USD: Light Data, Dovish Comments from Yellen
GBP: Resumes its Slide, Down 1% Against EUR
CAD: Third Straight Day of Losses
NZD: Credit Card Spending Rises 0.3%
AUD: Testing 3 Month Lows
JPY: Kuroda Comments Example of Why Yen Will Remain Weak
The UK CPI data will be the main focus today with not a lot else to move the markets, and although in practice we don’t expect any change in the y/y rate, the high rate of CPIU inflation and the lack of monetary policy response to it does underline sterling’s problems. The unusual MPC statement after the meeting last week (in that there is not usually a statement when policy is left unchanged) underlined that even though inflation was expected to remain high, the market should not expect any monetary policy reaction. This leaves UK yields as the lowest real yields of all the major currencies and makes it hard to see sterling making gains on either higher or lower than expected inflation numbers. The pound should consequently be biased lower, with the 1.5630 support in GBP/USD looking vulnerable, but the 0.8645 trendline support in EUR/GBP should be safe enough for now.
UK CPI data for January is unlikely surprise markets. An anticipated rise of 2.7% y/y, represents no change from the previous month. Evidence from the BRC suggested that high street discounting, particularly in clothing and electrical goods was particularly acute. This balances out the effect of rising airfares, which we estimate contributed to a 0.1% rise in January inflation. However, we see food and energy prices, combined with the recent softening in sterling, potentially pushing inflation above 3% by the end of Q2. Although these factors are unlikely to change the medium-term inflation outlook due to be published in the BoE’s Inflation Report on Wednesday, upside risks to their forecast are certain to be cited. Inflation, combined with concerns over supply capacity and risk pricing, look likely to keep the MPC on hold until the new Governor arrives in July.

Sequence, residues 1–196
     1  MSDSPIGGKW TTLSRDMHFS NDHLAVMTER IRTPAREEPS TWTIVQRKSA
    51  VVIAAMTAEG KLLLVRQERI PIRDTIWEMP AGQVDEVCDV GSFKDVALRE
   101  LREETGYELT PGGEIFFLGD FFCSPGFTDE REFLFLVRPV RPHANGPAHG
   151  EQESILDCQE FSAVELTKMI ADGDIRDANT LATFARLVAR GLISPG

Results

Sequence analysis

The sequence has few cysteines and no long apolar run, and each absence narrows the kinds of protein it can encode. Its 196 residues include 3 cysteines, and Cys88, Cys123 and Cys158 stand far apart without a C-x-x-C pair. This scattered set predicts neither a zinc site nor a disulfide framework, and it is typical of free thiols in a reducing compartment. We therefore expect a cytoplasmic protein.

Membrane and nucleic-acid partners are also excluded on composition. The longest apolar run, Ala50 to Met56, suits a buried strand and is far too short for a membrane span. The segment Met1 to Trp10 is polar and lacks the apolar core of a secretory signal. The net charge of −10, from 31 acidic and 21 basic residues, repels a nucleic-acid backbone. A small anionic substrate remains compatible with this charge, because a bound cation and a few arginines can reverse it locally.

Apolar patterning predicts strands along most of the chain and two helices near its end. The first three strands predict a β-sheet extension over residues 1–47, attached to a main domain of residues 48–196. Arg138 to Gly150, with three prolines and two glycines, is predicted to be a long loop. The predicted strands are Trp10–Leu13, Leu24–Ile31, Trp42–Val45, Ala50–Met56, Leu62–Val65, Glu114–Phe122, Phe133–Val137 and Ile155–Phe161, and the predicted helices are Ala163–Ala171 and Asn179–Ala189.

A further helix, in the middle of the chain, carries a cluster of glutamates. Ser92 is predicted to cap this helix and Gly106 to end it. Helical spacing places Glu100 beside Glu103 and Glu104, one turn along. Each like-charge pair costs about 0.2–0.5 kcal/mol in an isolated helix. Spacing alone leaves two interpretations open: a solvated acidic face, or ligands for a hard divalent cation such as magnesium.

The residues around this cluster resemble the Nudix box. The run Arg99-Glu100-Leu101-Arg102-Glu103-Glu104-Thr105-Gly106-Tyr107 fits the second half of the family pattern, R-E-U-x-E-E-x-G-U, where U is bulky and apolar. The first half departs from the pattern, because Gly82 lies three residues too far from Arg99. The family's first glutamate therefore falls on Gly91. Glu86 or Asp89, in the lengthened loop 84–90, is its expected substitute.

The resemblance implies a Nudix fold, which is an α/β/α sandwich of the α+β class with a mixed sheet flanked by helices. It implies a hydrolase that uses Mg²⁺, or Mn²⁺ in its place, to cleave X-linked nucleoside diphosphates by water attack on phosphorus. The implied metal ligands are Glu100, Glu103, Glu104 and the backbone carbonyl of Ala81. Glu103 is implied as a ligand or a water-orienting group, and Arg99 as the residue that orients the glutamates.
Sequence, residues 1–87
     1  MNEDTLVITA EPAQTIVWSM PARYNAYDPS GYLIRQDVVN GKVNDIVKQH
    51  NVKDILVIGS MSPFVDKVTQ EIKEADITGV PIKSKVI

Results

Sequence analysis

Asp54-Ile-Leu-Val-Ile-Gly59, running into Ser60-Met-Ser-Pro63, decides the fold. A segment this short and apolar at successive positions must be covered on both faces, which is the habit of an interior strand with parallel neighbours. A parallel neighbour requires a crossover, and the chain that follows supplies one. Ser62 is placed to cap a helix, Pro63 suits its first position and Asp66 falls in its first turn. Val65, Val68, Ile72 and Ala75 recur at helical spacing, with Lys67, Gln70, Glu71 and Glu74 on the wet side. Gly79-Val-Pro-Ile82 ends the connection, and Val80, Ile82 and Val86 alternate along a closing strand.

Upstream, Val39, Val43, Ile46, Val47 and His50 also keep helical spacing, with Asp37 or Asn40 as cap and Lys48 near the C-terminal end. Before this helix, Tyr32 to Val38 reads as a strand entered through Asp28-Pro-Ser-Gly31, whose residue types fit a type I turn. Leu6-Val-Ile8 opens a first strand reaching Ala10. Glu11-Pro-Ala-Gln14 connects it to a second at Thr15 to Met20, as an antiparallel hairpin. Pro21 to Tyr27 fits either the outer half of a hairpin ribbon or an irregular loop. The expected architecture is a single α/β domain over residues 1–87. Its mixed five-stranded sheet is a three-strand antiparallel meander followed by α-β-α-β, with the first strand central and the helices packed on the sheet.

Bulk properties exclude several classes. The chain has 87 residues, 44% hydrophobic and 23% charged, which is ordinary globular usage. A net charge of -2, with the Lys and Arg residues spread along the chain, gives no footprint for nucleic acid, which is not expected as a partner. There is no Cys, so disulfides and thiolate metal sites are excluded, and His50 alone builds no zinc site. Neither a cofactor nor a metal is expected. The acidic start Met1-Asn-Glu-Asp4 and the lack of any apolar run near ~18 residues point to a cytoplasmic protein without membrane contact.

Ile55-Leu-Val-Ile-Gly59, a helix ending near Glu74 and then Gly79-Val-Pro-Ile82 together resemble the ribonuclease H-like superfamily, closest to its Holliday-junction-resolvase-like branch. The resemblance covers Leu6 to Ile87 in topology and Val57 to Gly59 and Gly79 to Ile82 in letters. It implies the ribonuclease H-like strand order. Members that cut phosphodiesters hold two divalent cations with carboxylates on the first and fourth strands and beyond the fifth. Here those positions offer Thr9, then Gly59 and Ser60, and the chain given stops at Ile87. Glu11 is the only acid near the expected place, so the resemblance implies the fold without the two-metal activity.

UK PPI input data is forecast to rise by 1.1% on the month and 1.3% y/y, which would represent the sharpest monthly rise in five months, due to rising commodity prices and a fall in sterling both against the dollar and on a trade weighted basis. Output price inflation looks set to slow to 2.0% y/y this month, with the ‘core’ rate decelerating to 1.3% y/y.
EUR/USD found good support in the low 1.33s, but the lack of movement in forward points and the rising uncertainty about the Italian election makes it hard to see a renewed major advance at this stage. While we do not see any real risks of ECB action to limit the upside in the EUR, Draghi’s comments nevertheless suggested that a further rise in short term rates and/or the EUR would be “monitored”, which suggests it could trigger some response. In practice, Lloyds TSB doubt there will be any ECB action unless the EUR moved substantially higher, but the comments have taken the heart out of the market for now and should limit EUR upside to 1.35.
After general strength at the end of last week the USD returned to a more mixed performance yesterday, falling back against a stronger EUR but once again gaining against this year’s FX weaklings, GBP and the JPY. Once again this reflects rotation in risk appetite rather than any fundamental change, and highlights the more mixed status of the USD this year. However, the USD index has reached a significant resistance area near 80.50 and suggests a downside USD bias from here.
President Obama’s State of the Union address overnight will likely be centred around fiscal policy. Obama looks set to urge a fiscal deal to avoid the impact of a sequestration, which would strip $85bn from spending by end-September and an estimated 0.8% from GDP by end-2013.
The Aussie started the week on down note slipping through the 1.0300 figure amidst very thin liquidity and disappointing economic data. With markets in Hong Kong, Japan and China closed for the lunar new year holiday trading in Asia was marked by choppy conditions with sharp early selloff finally settling into quiet, listless trade.
Australian home loans declined by much sharper than expected -1.5% versus 0.1% eyed while the last month’s data was revised downward to 0.7%. This was the third month in a row of declining mortgage approvals indicating that housing demand Down Under may be cooling. Central bank data show housing credit growth in December dropped to the weakest annual pace since records began in 1977.
The disappointing mortgage data numbers dovetail with the recent economic data from Australia which has shown that broad weakening in aggregate demand. As a result Aussie interest rate futures saw an increase to 54% of another RBA rate cut next month. The market is getting increasingly disillusioned with the Aussie as growth Down Under slows and prospects for further RBA cuts increase.
The Aussie has drifted to a low of 1.0265 in early European trade but so far has held above the critical 1.0250 support level. One key factor in the pair’s weakness may be the absence of PBOC which has been a regular buyer of the currency. With China out for the holiday for most of the week, the Aussie may be especially vulnerable to a selloff. A break below 1.0250 suggests a very bearish technical development and may open the path to a test of 1.0150.
The contents of this report are for information purposes only. It is not intended as a recommendation to trade or a solicitation for funds. The author(s) cannot be held responsible for any loss or damages arising from any action taken following consideration of this information.